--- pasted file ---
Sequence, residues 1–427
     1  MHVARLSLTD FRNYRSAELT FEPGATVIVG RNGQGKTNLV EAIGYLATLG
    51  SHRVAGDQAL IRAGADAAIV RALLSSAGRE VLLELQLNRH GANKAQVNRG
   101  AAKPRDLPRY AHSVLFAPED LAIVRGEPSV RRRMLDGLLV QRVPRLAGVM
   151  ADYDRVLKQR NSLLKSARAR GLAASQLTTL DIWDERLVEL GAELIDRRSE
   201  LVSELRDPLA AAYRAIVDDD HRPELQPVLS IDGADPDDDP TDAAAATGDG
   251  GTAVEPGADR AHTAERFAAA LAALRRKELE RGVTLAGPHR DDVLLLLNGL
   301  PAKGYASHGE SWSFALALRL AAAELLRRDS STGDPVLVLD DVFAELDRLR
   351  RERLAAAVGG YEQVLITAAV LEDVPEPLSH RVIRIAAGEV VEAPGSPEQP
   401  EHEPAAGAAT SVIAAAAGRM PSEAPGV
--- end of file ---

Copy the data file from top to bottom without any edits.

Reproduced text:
Sequence, residues 1–427
     1  MHVARLSLTD FRNYRSAELT FEPGATVIVG RNGQGKTNLV EAIGYLATLG
    51  SHRVAGDQAL IRAGADAAIV RALLSSAGRE VLLELQLNRH GANKAQVNRG
   101  AAKPRDLPRY AHSVLFAPED LAIVRGEPSV RRRMLDGLLV QRVPRLAGVM
   151  ADYDRVLKQR NSLLKSARAR GLAASQLTTL DIWDERLVEL GAELIDRRSE
   201  LVSELRDPLA AAYRAIVDDD HRPELQPVLS IDGADPDDDP TDAAAATGDG
   251  GTAVEPGADR AHTAERFAAA LAALRRKELE RGVTLAGPHR DDVLLLLNGL
   301  PAKGYASHGE SWSFALALRL AAAELLRRDS STGDPVLVLD DVFAELDRLR
   351  RERLAAAVGG YEQVLITAAV LEDVPEPLSH RVIRIAAGEV VEAPGSPEQP
   401  EHEPAAGAAT SVIAAAAGRM PSEAPGV